Brigitte Lutz reports on a data hype caused by Covid in Vienna and throughout Austria, which was then thwarted by federal state peculiarities and the refusal to cooperate by private data holders such as privately owned hospitals.
Up to this point, the event can be described as follows: Old acquaintances tell their regular audience what they already know in principle: On the one hand, the use and provision of open data is increasing. Open data is slowly gaining acceptance in the authorities. Problems and resistance to open data remain in the authorities and must be tackled anew on a regular basis.
11.30 - 12.00: Presentation of new data platforms from the administration
The new mobility data platform of the Senate Department for the Environment, Transport and Climate Protection
Robert Budras-Krüger, Senate Department for the Environment, Transport and Climate Protection
Robert Budras-Krüger starts by talking about administrative structures and their consequences for the data set. His organisation has succeeded in publishing the traffic detector data via a FROST data server. There is now a real-time display that is being expanded.</quote
From the GSI portal to the new social data platform David Kraft, Senate Department for Integration, Labour and Social Affairs
David Kraft on the Social Info System in development. There is an Open Data legal regulation. For the foreseeable future, the evaluation of social data from e.g. social welfare offices / job centres will continue to be carried out via export and human intermediate processing. The social administration and its numerous sub-authorities are still a long way from standardised data models and transfer protocols.
A lot of work is being invested in legally compliant data record descriptions. It favours open source in order to be transparent and efficient.
In reality, the most common interface for importing and exporting data still consists of Excel lists that are sent by e-mail.
David Kraft also mentions the various internal resistance to open data that still exists within the authorities.</quote
12.00 - 13.00: Lighthouse projects from the Berlin open data ecosystem
1st EnergyHackday: Shaping the energy transition in the city with dataMarcus Schumacher, Project Manager Stromnetz Berlin GmbH and Dr Sandra Maeding, Programme Manager Digitalisation in Assets, Stromnetz Berlin GmbH
Dr Sandra Maeding explains that the energy transition cannot work without data. She believes that open data is the best way to ensure quality and availability. The central project for you is called WindNode. Stromnetz Berlin makes its data sets available on daten.berlin.de. The use of the data is promoted with hackathons, the EnergyHacks for developing ideas. These are not control systems for the electricity grid, but educational and end-user projects.</quote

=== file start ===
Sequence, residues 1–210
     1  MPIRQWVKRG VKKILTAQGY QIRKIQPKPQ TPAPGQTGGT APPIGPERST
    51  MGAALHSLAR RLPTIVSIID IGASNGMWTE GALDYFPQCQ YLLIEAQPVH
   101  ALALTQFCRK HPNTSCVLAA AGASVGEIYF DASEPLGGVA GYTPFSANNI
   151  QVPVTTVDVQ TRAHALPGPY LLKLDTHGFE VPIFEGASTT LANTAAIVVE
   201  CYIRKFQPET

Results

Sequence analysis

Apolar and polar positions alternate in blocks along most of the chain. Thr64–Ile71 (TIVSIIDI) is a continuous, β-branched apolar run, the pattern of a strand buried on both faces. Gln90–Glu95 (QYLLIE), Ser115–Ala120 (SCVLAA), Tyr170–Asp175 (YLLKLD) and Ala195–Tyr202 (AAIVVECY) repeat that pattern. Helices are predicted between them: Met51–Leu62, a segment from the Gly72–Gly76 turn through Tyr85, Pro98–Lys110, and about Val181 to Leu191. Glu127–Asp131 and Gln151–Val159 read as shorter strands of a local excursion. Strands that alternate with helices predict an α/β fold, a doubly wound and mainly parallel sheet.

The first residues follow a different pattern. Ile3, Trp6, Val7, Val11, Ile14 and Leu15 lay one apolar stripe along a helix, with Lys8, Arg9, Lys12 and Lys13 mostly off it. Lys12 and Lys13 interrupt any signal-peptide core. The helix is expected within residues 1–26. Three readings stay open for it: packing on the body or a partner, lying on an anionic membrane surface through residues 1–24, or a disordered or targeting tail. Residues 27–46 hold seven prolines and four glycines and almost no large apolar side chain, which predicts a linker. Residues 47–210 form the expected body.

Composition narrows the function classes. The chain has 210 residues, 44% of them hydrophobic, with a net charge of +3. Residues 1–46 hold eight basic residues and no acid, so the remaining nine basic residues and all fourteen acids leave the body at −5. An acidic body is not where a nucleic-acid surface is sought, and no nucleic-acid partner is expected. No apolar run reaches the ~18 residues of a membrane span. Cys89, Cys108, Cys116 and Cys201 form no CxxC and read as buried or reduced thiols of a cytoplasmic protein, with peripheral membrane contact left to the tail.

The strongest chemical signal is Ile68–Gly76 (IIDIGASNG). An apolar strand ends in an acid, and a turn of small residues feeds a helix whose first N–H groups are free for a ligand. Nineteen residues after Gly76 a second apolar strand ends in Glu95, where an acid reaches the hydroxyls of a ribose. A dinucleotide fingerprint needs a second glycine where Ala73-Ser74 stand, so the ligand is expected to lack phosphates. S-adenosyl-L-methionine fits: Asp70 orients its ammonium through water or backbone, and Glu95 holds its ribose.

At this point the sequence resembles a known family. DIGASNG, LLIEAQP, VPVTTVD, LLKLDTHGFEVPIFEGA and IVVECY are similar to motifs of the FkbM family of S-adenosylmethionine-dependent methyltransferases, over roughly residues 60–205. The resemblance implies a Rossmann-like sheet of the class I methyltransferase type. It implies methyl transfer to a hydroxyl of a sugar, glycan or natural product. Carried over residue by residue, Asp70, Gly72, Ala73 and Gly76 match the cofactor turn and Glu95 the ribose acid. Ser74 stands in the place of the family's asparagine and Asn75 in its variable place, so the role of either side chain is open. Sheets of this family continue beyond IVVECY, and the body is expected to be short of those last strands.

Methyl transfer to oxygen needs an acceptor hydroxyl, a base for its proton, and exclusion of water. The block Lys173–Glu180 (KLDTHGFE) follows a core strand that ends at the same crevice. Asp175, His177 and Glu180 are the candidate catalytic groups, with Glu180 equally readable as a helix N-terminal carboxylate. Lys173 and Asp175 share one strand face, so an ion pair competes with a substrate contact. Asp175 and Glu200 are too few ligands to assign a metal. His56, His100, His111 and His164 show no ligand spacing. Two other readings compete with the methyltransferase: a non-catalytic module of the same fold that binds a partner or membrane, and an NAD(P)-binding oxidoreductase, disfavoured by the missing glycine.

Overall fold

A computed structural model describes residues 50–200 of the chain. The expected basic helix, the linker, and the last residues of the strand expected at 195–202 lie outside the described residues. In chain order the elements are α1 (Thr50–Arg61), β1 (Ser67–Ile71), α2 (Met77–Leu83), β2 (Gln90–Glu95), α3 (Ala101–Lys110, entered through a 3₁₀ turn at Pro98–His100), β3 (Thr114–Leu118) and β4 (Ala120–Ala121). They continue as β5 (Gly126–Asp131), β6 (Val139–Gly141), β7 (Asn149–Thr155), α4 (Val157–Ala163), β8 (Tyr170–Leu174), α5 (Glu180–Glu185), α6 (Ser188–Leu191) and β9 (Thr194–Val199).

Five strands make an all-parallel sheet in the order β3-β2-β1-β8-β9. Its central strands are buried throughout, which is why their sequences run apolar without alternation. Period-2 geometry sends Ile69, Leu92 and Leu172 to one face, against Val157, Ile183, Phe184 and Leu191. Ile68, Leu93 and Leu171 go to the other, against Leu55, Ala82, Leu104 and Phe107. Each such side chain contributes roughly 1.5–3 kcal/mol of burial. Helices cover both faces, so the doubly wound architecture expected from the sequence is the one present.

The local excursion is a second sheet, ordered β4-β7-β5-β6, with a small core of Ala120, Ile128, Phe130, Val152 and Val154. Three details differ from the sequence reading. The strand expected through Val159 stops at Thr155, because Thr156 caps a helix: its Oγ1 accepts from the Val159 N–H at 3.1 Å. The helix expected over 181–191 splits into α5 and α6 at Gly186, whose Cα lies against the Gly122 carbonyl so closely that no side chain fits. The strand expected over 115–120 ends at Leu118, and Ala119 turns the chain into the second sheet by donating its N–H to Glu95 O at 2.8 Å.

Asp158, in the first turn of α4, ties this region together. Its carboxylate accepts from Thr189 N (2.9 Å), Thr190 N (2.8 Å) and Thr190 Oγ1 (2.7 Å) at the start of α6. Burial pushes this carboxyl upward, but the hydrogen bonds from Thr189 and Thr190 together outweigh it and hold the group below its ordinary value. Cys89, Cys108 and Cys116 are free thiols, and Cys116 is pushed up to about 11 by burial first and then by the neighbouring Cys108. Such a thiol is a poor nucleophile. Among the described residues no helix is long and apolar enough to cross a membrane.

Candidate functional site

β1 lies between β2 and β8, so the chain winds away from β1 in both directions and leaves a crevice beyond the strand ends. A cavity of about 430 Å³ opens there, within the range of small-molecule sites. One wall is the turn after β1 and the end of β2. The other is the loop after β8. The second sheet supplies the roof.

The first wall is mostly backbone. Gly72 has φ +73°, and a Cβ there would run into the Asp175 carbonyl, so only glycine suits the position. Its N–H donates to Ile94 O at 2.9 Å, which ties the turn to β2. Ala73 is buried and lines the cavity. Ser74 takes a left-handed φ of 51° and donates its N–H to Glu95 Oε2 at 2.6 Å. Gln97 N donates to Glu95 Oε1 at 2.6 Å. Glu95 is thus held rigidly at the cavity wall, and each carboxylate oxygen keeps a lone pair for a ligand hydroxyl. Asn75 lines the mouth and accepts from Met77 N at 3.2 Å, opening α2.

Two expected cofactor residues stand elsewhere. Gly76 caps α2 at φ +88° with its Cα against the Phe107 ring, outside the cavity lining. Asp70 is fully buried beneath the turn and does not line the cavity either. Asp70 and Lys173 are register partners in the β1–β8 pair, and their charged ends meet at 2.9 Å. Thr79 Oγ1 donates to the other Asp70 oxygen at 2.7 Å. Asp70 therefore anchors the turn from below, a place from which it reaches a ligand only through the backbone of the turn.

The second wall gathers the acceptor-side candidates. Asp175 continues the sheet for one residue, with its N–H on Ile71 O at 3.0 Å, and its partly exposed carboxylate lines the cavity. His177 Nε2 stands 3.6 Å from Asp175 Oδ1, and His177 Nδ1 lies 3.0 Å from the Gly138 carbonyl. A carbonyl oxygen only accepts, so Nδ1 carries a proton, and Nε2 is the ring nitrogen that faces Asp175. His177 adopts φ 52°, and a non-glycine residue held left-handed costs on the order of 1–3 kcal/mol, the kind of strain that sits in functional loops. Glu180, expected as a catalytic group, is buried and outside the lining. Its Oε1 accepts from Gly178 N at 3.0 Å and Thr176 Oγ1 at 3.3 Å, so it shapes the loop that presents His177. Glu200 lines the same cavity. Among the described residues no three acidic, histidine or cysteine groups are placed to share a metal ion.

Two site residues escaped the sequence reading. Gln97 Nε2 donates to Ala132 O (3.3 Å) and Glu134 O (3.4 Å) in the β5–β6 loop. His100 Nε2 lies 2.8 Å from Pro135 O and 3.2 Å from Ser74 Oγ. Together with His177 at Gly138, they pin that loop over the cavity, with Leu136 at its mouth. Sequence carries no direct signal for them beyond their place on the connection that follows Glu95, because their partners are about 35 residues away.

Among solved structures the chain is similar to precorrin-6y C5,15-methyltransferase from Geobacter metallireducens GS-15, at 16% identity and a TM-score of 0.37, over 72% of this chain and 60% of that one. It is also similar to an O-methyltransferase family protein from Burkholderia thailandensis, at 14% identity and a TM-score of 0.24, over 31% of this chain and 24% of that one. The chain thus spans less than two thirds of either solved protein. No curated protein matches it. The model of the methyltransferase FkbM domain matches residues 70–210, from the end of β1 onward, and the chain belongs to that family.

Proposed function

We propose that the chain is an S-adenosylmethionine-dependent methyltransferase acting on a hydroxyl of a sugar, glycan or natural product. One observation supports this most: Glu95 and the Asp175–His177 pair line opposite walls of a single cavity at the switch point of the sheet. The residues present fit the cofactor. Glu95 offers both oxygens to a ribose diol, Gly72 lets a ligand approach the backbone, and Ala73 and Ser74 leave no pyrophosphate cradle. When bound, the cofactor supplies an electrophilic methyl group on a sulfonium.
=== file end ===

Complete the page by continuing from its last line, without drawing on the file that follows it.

2nd WaterHackathon: Mastering the challenges of the water ecosystem in Berlin with open data, Margaux Huth, Technische Universität Berlin & Einstein Center Digital Future
Siling Chen will speak instead of Margaux Huth about urban challenges, i.e. sealing, flooding during heavy rainfall and insights that can be gained through open data.
They organised an open data hackathon. They developed pedagogical and control approaches. Here is a photo of a presentation slide.</quote
3. environmental data from the FIS Broker made accessible: the new environmental atlas Manuel Döllefeld, Senate Department for Urban Development and Housing
Manuel Döllefeld describes his service as one that also offers long time series from the past. Interpretation assistance is provided to enable non-experts to participate in urban development.
The environmental atlas on berlin.de realises this. Interesting comment: In his experience, open data reduces contact with users. This is a problem for quality assessment and further development of content.</quote
4. constituency editor: using open data to tailor constituencies more easily
Evelyne Brie and Lisa Stubert, Technology Foundation Berlin - ODIS
The constituency editor is designed to automate necessary constituency adjustments. The danger of Gerrymandering is not addressed by the speaker.
13.00 - 13.10: Closing remarks "10 years of Berlin Open Data"
Sebastian Askar, Central Open Data Officer of the State of Berlin
The event was interesting, but unfortunately without any groundbreaking news. I learnt a lot about what is available on municipal research and data platforms. Before this becomes useful for the work of a taxi driver or taxi social pilot, a lot more thought and extensive programming is required. Ultimately, the benefit of the event lies in having gained an insight into the workshop of many committed and highly qualified employees of public administrations and consulting companies.
The important changes, for example at the taxi supervisory authority LABO, were not mentioned. Likewise, not a word was said about the upcoming negotiations with Uber, AirBnB and other platforms on the release of their data. Open data must not remain a one-way street, because the "oil of the 21st century" should benefit the general public first. For us coach drivers, access to all mobility and event data would make it conceivable to set up a taxi platform that would free us from the clutches of the monopolists. There is still a long way to go. Our interests have not yet found their way into the practice of the authorities.
You can listen to the whole event on YouTube